The final question is, "How might false teachers speak evil of or pronounce a blasphemous judgment against Satan?" Before I suggest an answer, note this: "Blaspheme" is the translation of "Blasphemeo" (Greek), meaning "speak evil of, slander". The word is used both of speaking evil against God (Mt 9:3) and against men (Tit 2:3, Rom 3:8).

Jude says that Michael did not presume to pronounce a blasphemous judgment against Satan, but said, "the Lord rebuke you". This is in contrast to what false teachers do. I believe, therefore, that it is fair to assume that false teachers in this instance were saying of Satan/demons, "I rebuke you" or something similar. Having been in unbiblical churches a great portion of my life, I can confirm this. Technology and society may have changed, but false teaching as described in the Bible retains the same characteristics. It is not uncommon in certain churches to hear someone "binding Satan" or commanding Satan to do this or that. The same with demons. But when Michael the archangel did not take it upon himself to judge or command Satan, who are we to do so?

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As I understand the Greek plural noun ΔΟΞΑΣ (δόξας/doxas), it doesn't refer to a WHO, but to a WHAT. Have you ever sung the Doxology?

ΔΟΞΑΣ (δόξας) can also be translated to read dignity, glory, honor, praise, worship, and the like (see Strong's G1391). And in 2 Peter 2:10b-11, it refers to glorious heavenly beings thought to be angels; i.e.: "Whereas angels ... bring not railing accusation against them before the Lord" (KJV).

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This is an interesting answer, but do keep in mind that Strong's is a concordance, not a lexicon, and generally free tools that use Strong's rely on outdated lexical resources. Could you also reference what a more recent (and more reliable) lexicon says? –  Daи Sep 16 '13 at 15:28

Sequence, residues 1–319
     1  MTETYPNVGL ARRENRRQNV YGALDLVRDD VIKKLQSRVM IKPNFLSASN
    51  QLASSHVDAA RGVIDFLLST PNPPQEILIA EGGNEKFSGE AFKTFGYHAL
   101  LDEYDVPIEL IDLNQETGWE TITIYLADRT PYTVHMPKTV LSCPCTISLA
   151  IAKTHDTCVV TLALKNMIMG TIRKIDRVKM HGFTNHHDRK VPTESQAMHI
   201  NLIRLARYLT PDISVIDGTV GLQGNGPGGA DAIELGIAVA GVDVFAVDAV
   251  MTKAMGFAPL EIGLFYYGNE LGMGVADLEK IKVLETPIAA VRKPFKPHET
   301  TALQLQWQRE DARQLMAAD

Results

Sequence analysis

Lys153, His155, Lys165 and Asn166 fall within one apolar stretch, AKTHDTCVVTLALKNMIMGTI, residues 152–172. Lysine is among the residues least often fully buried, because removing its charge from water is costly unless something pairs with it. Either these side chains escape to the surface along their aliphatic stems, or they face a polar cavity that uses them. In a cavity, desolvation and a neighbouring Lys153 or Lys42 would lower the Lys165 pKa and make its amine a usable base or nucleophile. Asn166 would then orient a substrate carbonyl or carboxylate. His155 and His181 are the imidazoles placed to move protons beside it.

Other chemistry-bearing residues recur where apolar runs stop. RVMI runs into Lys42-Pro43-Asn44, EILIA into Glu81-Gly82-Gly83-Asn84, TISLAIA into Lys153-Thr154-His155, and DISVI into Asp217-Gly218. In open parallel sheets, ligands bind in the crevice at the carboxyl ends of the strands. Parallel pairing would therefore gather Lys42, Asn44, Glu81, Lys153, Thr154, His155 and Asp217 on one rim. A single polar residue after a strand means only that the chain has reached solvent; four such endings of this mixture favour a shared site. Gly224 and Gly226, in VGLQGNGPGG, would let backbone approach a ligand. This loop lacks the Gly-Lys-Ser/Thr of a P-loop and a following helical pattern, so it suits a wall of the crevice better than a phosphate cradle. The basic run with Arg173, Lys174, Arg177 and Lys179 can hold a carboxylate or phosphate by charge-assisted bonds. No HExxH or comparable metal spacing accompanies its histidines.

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The entities "slandered" are Satan and his angelic hosts. Those who are "bold and arrogant" are believers with the knowledge that Satan and his hosts were defeated at the cross, and who took the teachings to inappropriate extremes. That is, Paul had developed these concepts of Satan's defeat in his writings, and later it was Peter (2 Pet 2:10-11) and Jude (Jude 1:8) who countermanded those who took the teachings of Paul to impious extremes and who had thus denigrated angelic powers.

That is, the Apostle Paul taught that Jesus Christ defeated and then plundered the power of Satan (Colossians 2:15), and at the same time he developed the idea in the epistle to the Ephesians (see below). We also see the same principle appear in the gospels, when Jesus Christ alluded to himself as the one who bound, and then plundered the possessions of "the strong man" (Matthew 12:28-30) -- and of course the strong man here is Satan.